Search Result for "forth": 
Wordnet 3.0

NOUN (1)

1. a river in southern Scotland that flows eastward to the Firth of Forth;
[syn: Forth, Forth River]


1. from a particular thing or place or position (`forth' is obsolete);
- Example: "ran away from the lion"
- Example: "wanted to get away from there"
- Example: "sent the children away to boarding school"
- Example: "the teacher waved the children away from the dead animal"
- Example: "went off to school"
- Example: "they drove off"
- Example: "go forth and preach"
[syn: away, off, forth]

2. forward in time or order or degree;
- Example: "from that time forth"
- Example: "from the sixth century onward"
[syn: forth, forward, onward]

3. out into view;
- Example: "came forth from the crowd"
- Example: "put my ideas forth"

The Collaborative International Dictionary of English v.0.48:

Forth \Forth\, prep. Forth from; out of. [Archaic] [1913 Webster] Some forth their cabins peep. --Donne. [1913 Webster]
The Collaborative International Dictionary of English v.0.48:

Forth \Forth\, v.[AS. for[eth], fr. for akin to D. voort, G. fort [root]78. See Fore, For, and cf. Afford, Further, adv.] 1. Forward; onward in time, place, or order; in advance from a given point; on to end; as, from that day forth; one, two, three, and so forth. [1913 Webster] Lucas was Paul's companion, at the leastway from the sixteenth of the Acts forth. --Tyndale. [1913 Webster] From this time forth, I never will speak word. --Shak. [1913 Webster] I repeated the Ave Maria; the inquisitor bad me say forth; I said I was taught no more. --Strype. [1913 Webster] 2. Out, as from a state of concealment, retirement, confinement, nondevelopment, or the like; out into notice or view; as, the plants in spring put forth leaves. [1913 Webster] When winter past, and summer scarce begun, Invites them forth to labor in the sun. --Dryden. [1913 Webster] 3. Beyond a (certain) boundary; away; abroad; out. [1913 Webster] I have no mind of feasting forth to-night. --Shak. [1913 Webster] 4. Throughly; from beginning to end. [Obs.] --Shak. [1913 Webster] And so forth, Back and forth, From forth. See under And, Back, and From. Forth of, Forth from, out of. [Obs.] --Shak. To bring forth. See under Bring. [1913 Webster]
The Collaborative International Dictionary of English v.0.48:

Forth \Forth\, n. [OE., a ford. ? 78. See Frith.] A way; a passage or ford. [Obs.] --Todd. [1913 Webster]
WordNet (r) 3.0 (2006):

forth adv 1: from a particular thing or place or position (`forth' is obsolete); "ran away from the lion"; "wanted to get away from there"; "sent the children away to boarding school"; "the teacher waved the children away from the dead animal"; "went off to school"; "they drove off"; "go forth and preach" [syn: away, off, forth] 2: forward in time or order or degree; "from that time forth"; "from the sixth century onward" [syn: forth, forward, onward] 3: out into view; "came forth from the crowd"; "put my ideas forth" n 1: a river in southern Scotland that flows eastward to the Firth of Forth [syn: Forth, Forth River]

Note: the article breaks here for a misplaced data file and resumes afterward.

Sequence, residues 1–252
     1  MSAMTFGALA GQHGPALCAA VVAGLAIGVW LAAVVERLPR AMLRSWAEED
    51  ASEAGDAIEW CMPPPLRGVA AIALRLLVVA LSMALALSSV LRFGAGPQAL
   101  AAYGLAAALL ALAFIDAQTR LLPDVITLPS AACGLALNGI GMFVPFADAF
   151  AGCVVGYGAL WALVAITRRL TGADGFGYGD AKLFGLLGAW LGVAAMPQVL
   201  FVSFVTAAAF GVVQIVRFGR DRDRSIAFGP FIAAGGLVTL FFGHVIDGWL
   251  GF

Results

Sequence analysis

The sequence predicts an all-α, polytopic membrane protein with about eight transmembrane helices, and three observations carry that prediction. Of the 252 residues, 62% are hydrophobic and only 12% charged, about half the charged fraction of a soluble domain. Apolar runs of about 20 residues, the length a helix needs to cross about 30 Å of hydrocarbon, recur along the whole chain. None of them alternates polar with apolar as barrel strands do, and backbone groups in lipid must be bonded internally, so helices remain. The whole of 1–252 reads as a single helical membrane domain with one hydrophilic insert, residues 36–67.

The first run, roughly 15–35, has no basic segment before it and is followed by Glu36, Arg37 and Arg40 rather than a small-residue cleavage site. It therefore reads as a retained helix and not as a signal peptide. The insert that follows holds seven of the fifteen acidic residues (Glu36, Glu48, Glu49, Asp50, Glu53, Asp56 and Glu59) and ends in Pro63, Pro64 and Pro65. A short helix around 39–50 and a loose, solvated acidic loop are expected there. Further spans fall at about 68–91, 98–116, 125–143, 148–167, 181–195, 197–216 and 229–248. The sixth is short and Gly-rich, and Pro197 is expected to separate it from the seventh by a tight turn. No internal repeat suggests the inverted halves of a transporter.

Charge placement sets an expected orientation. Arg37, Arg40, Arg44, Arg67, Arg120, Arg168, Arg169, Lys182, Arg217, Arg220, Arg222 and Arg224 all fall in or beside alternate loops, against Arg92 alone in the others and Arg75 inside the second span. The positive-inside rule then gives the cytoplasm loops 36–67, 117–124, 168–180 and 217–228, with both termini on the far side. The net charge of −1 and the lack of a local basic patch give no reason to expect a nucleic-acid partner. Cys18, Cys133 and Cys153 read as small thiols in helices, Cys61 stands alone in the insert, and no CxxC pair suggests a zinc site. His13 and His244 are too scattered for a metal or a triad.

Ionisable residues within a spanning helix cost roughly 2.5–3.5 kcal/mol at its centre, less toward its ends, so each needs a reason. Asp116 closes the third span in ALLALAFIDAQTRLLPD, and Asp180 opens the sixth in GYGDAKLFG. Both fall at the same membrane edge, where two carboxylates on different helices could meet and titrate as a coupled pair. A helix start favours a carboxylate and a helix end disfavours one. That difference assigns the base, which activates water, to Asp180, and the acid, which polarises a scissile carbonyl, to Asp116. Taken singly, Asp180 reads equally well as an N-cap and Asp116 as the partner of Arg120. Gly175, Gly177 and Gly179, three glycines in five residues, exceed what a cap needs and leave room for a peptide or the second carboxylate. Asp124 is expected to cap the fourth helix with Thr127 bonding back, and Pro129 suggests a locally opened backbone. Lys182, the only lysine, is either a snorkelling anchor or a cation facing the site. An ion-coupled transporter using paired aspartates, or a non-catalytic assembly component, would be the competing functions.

Moby Thesaurus II by Grady Ward, 1.0:

21 Moby Thesaurus words for "forth": ahead, alee, along, away, en route to, for, forward, forwards, hence, off, on, onward, onwards, out, outward, outwardly, outwards, thence, therefrom, thereof, whence
The Free On-line Dictionary of Computing (30 December 2018):

FORTH 1. An interactive extensible language using postfix syntax and a data stack, developed by Charles H. Moore in the 1960s. FORTH is highly user-configurable and there are many different implementations, the following description is of a typical default configuration. Forth programs are structured as lists of "words" - FORTH's term which encompasses language keywords, primitives and user-defined subroutines. Forth takes the idea of subroutines to an extreme - nearly everything is a subroutine. A word is any string of characters except the separator which defaults to space. Numbers are treated specially. Words are read one at a time from the input stream and either executed immediately ("interpretive execution") or compiled as part of the definition of a new word. The sequential nature of list execution and the implicit use of the data stack (numbers appearing in the lists are pushed to the stack as they are encountered) imply postfix syntax. Although postfix notation is initially difficult, experienced users find it simple and efficient. Words appearing in executable lists may be "primitives" (simple assembly language operations), names of previously compiled procedures or other special words. A procedure definition is introduced by ":" and ended with ";" and is compiled as it is read. Most Forth dialects include the source language structures BEGIN-AGAIN, BEGIN-WHILE-REPEAT, BEGIN-UNTIL, DO-LOOP, and IF-ELSE-THEN, and others can be added by the user. These are "compiling structures" which may only occur in a procedure definition. FORTH can include in-line assembly language between "CODE" and "ENDCODE" or similar constructs. Forth primitives are written entirely in assembly language, secondaries contain a mixture. In fact code in-lining is the basis of compilation in some implementations. Once assembled, primitives are used exactly like other words. A significant difference in behaviour can arise, however, from the fact that primitives end with a jump to "NEXT", the entry point of some code called the sequencer, whereas non-primitives end with the address of the "EXIT" primitive. The EXIT code includes the scheduler in some multi-tasking systems so a process can be descheduled after executing a non-primitive, but not after a primitive. Forth implementations differ widely. Implementation techniques include threaded code, dedicated Forth processors, macros at various levels, or interpreters written in another language such as C. Some implementations provide real-time response, user-defined data structures, multitasking, floating-point arithmetic, and/or virtual memory. Some Forth systems support virtual memory without specific hardware support like MMUs. However, Forth virtual memory is usually only a sort of extended data space and does not usually support executable code. FORTH does not distinguish between operating system calls and the language. Commands relating to I/O, file systems and virtual memory are part of the same language as the words for arithmetic, memory access, loops, IF statements, and the user's application. Many Forth systems provide user-declared "vocabularies" which allow the same word to have different meanings in different contexts. Within one vocabulary, re-defining a word causes the previous definition to be hidden from the interpreter (and therefore the compiler), but not from previous definitions. FORTH was first used to guide the telescope at NRAO, Kitt Peak. Moore considered it to be a fourth-generation language but his operating system wouldn't let him use six letters in a program name, so FOURTH became FORTH. Versions include fig-FORTH, FORTH 79 and FORTH 83. FAQs ( ANS Forth standard, dpANS6 ( FORTH Interest Group, Box 1105, San Carlos CA 94070. See also 51forth, F68K, cforth, E-Forth, FORML, TILE Forth. [Leo Brodie, "Starting Forth"]. [Leo Brodie, "Thinking Forth"]. [Jack Woehr, "Forth, the New Model"]. [R.G. Loeliger, "Threaded Interpretive Languages"]. 2. FOundation for Research and Technology - Hellas. (1997-04-16)